In the 1950s, a bustling little town sprung up along the shore of Lake Superior.  The tiny two-block town was built by the Erie Mining Company. Its purpose was to house the employees of the nearby taconite plant and their families.  22 pre-fabricated homes were brought in on trucks and lined either side of the street in this picturesque town. The town was called Taconite Harbor, and from 1957 until 1990 it had its ups and downs.  Finally, in 1990 the town ceased to be. Taconite Harbor became one of the North Shore’s most well-known ghost towns.

An Affordable Town for Young Families

In the beginning, the convenience of living near the plant was a big draw to many families.  To accommodate the growing community a fire hall, community center, playground, baseball field, basketball court, and tennis court were constructed.  The town’s close proximity to Lake Superior meant it was a town with a view. Quite a desirable place to live. It was especially perfect for young families just starting out.

It was also an affordable place to live.  For just $400 down and $100 a month, families could comfortably live in the tidy three- and four-bedroom homes.  Each home came with a paved driveway and a spacious tree-lined backyard.  In many ways, Taconite Harbor was the idealistic 1950’s neighborhood with pastel-colored homes and a car in every driveway.   During its peak, close to 75 children called Taconite Harbor home, and in the evening’s kids would run around playing games in the streets and the yards until the street lights turned on and it was time to go home for dinner. It was a postcard North Shore town.

The appeal of the town began to fade in the 1970s and 80’s when the original families began to retire or chose to move away due to the growing issues of taconite dust and noise pollution from the plant.  In 1982 the taconite business took a hit and the workforce was reduced to only about 100 employees.  Most families left the area to find work elsewhere and Taconite Harbor started its descent into a ghost town.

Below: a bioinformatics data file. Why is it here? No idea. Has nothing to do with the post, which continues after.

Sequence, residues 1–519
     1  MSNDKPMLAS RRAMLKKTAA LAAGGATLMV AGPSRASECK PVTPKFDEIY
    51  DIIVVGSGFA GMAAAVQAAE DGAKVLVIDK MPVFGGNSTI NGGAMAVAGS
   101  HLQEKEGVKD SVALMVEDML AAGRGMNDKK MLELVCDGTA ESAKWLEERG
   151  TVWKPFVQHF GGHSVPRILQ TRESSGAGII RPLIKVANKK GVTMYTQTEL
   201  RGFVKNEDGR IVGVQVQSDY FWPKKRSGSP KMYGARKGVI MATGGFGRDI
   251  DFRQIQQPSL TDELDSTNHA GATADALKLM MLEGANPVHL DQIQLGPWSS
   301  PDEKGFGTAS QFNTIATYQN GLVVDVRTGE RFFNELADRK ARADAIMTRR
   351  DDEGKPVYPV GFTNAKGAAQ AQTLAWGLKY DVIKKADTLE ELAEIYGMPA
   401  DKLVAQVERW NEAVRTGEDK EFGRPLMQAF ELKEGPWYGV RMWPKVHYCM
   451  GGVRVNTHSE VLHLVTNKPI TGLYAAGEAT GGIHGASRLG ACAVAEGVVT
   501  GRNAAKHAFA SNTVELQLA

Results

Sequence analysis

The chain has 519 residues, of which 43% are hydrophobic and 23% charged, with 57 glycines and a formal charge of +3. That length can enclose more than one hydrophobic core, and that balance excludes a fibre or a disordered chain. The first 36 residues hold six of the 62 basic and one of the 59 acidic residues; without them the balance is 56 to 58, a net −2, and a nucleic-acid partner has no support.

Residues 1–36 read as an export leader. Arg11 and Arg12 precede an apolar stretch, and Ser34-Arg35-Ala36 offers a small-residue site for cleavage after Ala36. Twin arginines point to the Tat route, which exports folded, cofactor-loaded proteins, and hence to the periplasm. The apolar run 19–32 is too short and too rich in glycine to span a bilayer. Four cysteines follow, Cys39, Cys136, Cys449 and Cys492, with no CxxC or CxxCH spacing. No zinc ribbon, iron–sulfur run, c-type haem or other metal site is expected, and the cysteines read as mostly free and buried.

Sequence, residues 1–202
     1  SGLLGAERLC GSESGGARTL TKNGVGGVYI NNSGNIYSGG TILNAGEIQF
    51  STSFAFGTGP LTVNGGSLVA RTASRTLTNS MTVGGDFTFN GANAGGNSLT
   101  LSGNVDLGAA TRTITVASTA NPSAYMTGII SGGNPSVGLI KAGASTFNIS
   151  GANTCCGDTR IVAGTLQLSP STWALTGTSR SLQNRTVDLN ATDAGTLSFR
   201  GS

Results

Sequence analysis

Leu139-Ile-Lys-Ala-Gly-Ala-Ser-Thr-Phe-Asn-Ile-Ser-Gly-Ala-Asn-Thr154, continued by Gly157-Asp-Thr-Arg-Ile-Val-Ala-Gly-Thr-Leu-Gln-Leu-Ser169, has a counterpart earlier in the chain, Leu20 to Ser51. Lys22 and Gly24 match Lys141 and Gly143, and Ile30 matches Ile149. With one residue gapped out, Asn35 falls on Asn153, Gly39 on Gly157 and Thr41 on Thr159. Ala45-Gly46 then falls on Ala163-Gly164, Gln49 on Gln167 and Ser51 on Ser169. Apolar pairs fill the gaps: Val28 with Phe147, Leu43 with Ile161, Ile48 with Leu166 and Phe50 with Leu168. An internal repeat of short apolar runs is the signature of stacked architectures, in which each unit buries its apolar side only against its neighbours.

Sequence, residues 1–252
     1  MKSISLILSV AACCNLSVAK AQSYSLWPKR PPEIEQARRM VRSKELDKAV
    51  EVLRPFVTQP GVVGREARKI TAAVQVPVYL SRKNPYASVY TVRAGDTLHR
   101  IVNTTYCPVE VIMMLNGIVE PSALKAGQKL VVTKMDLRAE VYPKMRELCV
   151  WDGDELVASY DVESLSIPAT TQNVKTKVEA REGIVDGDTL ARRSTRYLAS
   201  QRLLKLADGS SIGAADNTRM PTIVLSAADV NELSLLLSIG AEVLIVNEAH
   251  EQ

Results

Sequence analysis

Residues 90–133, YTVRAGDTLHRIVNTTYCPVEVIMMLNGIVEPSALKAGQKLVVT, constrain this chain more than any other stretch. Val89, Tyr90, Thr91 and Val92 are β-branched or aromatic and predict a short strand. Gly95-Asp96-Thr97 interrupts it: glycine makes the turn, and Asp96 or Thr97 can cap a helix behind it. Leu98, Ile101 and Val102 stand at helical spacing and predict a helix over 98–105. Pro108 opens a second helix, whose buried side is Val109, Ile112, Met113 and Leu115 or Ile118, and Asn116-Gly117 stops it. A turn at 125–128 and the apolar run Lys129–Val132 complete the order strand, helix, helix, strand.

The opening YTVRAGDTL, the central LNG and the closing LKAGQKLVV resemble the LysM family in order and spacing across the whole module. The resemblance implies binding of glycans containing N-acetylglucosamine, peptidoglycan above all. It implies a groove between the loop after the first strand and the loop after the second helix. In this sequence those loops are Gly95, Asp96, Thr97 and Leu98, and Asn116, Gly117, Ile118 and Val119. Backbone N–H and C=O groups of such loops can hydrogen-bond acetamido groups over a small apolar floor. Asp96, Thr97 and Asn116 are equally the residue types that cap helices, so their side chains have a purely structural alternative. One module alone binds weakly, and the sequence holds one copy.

The Beginning of the End

In 1986 the remaining residents were told the town was no longer going to be supported and they would have to start moving.  Those residing in the homes were offered the chance to purchase them, for just $1, but were told they’d have to remove them from the land.  Many of the houses were moved into nearby Silver Bay and privately-owned plots along Highway 61.  In 1988 the final resident left, officially making Taconite Harbor a ghost town.

In 1990 the remaining homes and buildings were packed up and sent out on trucks.  All that remained of Taconite Harbor were the foundations, streets, street lights, and remnants of the vibrant community that it once was.

30 Years Later, Nature Has Reclaimed the Land

Curb in Taconite Harbor

You can still make out two of the main streets in town, and a rusted old street light still sits at the entrance to the town.  There are holes where the sewer system once was, and if you venture off the beaten path you can still find a foundation or two.  If you proceed to what remains of the southern street (closest to the lake) and venture off the path a bit you will find a dilapidated old basketball court, once an active part of the Taconite Harbor community, now sitting abandoned.

For the most part, however, Taconite Harbor has returned to nature, leaving only the memories of those who once called this place home.

Taconite Harbor Plant Aerial View

The Future of the Plant

Work continued at Taconite Harbor over the years, switching hands several times until Minnesota Power took over.  In 2016 Taconite Harbor Energy Center idled its coal-fired operations affecting the remaining 42 employees.  It currently runs on a skeleton crew of a few employees and is only operated occasionally.  It is expected to close for good by 2022.  Perhaps, another 30 years from then, the entire area will have been reclaimed by nature and all that will remain are the stories.

Taconite Harbor is now a safe harbor with a small outdoor museum that tells the story of how the harbor was built out.  If heading down that way you may miss the town, or what remains of it, entirely.  To the right, as you turn off Highway 61, a single street light still stands, marking the entrance.  Walk straight and you will walk down the main street.  There isn’t much to see anymore, but it’s a quiet and peaceful place.  Perhaps it’s worth a quick stop and look around before heading out to other destinations along the shore.


See what’s left in this aerial and ground tour.


  Listen to Joe and Jaye explore Taconite Harbor on the Exploring the North Shore Podcast: